Swiss investment in Norwegian wind power project opposed

The wind farm encroaches on winter pasture for the reindeer herds of the indigenous Southern Sami people. Keystone / Heiko Junge

An NGO has filed a complaint against a Swiss energy company for investing in a Norwegian wind power project opposed by the indigenous Sami people. 

This content was published on January 16, 2020 - 11:17

On Thursday, the Society for Threatened PeoplesExternal link (STP) filed a complaint with the Swiss National Contact PointExternal link of the Organisation for Economic Co-operation and Development (OECD) against the BKW energy company. BKW holds shares in Nordic Wind Power DA - a European consortium of investors founded by Credit Suisse Energy Infrastructure Partners – that holds a 40% stake in the joint venture Fosen Wind DA that is implementing the project in the Fosen peninsula in western Norway.  

A total of six wind farms will be connected to the grid between 2018 and 2020 as part of this project. Storheia, the site of one of the biggest of these wind farms, is an important winter pasture for the reindeer herds of the indigenous Southern Sami people. STP claims that the loss of these lands to the wind power project would force the last of the reindeer herders to give up their livelihood and culture.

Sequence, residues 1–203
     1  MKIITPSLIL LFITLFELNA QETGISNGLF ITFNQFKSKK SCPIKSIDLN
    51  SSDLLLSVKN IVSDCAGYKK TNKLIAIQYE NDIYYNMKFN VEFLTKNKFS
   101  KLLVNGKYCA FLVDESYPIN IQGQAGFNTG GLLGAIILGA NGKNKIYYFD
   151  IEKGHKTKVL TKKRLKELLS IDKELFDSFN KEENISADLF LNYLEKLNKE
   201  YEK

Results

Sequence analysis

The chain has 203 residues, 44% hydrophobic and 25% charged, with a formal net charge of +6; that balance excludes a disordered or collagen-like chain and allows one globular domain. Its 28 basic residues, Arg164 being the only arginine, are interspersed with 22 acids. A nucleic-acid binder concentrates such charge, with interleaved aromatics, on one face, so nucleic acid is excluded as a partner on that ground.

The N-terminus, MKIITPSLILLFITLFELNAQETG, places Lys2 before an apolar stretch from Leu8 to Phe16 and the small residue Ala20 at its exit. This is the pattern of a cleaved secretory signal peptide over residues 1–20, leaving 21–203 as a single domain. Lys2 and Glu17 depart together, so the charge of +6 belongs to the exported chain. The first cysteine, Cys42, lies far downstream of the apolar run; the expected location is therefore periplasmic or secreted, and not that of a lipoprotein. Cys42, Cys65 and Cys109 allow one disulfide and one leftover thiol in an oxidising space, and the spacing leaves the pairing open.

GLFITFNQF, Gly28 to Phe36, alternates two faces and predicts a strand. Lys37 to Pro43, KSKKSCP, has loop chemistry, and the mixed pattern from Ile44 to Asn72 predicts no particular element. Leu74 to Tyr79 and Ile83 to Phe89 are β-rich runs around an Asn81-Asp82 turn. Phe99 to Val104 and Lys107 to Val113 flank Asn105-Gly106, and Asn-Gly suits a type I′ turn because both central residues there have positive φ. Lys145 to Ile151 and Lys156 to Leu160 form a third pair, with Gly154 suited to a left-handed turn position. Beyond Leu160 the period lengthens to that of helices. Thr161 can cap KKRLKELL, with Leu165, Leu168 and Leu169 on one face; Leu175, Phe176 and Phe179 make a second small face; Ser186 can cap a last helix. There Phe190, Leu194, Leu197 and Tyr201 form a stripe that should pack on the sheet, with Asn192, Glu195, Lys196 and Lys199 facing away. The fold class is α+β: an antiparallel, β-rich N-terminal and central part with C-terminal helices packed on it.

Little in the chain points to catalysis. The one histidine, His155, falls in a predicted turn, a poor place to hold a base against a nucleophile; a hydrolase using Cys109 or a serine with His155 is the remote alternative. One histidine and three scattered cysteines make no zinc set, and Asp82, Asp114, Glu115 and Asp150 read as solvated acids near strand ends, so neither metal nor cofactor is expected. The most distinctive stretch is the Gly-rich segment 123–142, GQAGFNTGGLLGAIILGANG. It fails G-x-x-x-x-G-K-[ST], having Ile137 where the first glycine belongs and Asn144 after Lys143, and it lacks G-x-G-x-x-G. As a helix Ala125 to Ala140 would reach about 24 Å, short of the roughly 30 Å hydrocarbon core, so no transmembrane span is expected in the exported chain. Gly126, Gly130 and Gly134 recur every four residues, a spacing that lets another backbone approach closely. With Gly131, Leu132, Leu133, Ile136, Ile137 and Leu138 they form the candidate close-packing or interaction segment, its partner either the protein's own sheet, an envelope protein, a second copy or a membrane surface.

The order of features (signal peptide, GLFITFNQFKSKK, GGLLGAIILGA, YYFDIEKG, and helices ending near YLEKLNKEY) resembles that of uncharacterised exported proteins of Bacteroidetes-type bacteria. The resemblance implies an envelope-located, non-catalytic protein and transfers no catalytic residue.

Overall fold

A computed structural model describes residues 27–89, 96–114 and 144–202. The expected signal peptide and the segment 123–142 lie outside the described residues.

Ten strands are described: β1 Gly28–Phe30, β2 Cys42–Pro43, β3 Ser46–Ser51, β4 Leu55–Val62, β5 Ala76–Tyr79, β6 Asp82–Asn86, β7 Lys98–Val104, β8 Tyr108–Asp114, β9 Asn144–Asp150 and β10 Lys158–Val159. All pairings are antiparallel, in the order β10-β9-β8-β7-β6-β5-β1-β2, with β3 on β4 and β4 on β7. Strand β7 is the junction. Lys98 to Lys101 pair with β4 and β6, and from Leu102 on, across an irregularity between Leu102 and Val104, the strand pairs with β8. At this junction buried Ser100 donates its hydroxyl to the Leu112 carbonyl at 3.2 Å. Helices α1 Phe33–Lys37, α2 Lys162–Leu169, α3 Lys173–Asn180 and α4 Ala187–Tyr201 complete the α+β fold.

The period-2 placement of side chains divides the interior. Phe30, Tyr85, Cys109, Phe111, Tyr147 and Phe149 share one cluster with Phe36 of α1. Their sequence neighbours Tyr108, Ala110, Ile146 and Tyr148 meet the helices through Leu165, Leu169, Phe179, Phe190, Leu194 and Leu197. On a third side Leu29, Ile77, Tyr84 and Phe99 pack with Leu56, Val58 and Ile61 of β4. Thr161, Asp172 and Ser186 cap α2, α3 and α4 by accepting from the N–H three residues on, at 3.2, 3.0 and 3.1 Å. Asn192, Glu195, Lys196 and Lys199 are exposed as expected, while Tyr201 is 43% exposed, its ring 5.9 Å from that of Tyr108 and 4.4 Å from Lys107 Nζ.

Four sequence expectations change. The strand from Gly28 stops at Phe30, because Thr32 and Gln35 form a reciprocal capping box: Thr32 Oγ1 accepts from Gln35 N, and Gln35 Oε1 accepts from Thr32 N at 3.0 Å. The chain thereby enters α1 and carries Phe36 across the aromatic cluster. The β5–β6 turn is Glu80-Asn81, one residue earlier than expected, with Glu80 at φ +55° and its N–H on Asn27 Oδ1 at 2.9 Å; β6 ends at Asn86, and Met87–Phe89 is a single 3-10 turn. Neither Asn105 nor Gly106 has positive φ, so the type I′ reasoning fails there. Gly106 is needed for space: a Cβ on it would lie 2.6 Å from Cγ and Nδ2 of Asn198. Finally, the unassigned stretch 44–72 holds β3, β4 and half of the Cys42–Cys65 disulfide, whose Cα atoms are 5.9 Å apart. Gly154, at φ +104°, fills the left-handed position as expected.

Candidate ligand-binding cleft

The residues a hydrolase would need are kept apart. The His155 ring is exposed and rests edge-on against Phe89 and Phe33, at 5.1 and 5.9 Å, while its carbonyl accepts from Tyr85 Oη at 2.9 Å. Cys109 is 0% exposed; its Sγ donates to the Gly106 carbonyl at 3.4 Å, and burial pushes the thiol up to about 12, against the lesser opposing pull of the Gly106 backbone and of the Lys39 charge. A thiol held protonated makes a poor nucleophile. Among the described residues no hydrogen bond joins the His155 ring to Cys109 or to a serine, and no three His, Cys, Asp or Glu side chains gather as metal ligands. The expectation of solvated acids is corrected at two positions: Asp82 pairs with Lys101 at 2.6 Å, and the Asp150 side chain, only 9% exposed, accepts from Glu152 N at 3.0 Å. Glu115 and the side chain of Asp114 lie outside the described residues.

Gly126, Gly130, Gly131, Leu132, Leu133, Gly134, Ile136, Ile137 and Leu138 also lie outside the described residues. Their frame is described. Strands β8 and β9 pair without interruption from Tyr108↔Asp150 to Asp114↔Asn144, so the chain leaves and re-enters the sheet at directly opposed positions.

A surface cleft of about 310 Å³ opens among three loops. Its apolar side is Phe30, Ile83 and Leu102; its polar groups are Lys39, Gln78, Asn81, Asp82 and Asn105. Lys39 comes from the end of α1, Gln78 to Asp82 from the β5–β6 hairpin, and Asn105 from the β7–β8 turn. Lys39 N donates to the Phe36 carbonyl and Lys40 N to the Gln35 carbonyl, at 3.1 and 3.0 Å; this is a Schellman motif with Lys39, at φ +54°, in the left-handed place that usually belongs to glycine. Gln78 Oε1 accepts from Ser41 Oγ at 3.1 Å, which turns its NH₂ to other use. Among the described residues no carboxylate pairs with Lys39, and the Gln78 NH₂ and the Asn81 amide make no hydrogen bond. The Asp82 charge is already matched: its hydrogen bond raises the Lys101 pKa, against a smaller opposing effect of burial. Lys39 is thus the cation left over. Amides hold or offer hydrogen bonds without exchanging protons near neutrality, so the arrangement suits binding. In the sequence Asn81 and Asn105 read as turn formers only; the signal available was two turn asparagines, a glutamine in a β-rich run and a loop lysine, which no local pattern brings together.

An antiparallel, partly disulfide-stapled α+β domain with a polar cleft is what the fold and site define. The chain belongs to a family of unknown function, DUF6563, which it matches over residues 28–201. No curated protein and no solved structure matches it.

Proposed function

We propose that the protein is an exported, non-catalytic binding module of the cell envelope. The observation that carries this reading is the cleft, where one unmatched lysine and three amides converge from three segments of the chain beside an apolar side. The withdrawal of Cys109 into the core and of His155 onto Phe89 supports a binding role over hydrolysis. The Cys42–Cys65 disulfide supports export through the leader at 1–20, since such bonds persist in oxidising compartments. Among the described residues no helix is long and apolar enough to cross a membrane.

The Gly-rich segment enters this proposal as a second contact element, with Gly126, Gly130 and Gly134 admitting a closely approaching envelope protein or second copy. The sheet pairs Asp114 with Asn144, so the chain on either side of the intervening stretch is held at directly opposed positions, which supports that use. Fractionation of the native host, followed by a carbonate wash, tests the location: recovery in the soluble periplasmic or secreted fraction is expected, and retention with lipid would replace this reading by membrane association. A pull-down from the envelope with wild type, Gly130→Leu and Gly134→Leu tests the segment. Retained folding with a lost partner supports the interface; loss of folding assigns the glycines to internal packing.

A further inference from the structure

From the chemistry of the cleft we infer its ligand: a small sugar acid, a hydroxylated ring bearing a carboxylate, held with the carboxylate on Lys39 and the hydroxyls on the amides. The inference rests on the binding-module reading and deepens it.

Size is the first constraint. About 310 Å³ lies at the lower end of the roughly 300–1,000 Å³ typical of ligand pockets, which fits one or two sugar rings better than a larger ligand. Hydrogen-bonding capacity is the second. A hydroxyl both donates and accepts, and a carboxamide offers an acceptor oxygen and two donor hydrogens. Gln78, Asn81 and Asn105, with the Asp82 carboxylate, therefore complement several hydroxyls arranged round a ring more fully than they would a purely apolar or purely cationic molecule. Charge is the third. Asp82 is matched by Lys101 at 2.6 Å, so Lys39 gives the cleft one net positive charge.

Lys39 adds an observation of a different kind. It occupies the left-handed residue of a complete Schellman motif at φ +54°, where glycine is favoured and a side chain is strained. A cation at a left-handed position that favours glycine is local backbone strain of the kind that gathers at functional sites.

Despite opposition by the Sami and environmental groups as well as ongoing legal proceedings the Storheia wind power plant was completed in the autumn of 2019. 

“It is unacceptable that the transition to clean energy occurs at the expense of indigenous communities. This contradicts the principle of climate justice,” said STP campaign coordinator Angela Mattli.  

BKW is majority owned by the Swiss canton of Bern. Following discussions with BKW on the issue the canton’s government came to the conclusion that BKW complied with national legislation. Norway allows construction projects to be completed despite ongoing legal proceedings.  

When contacted by BKW said it was open to dialogue and that it would follow the negotiation procedure if the complaint is taken up by the Swiss National Contact Point of the OECD.

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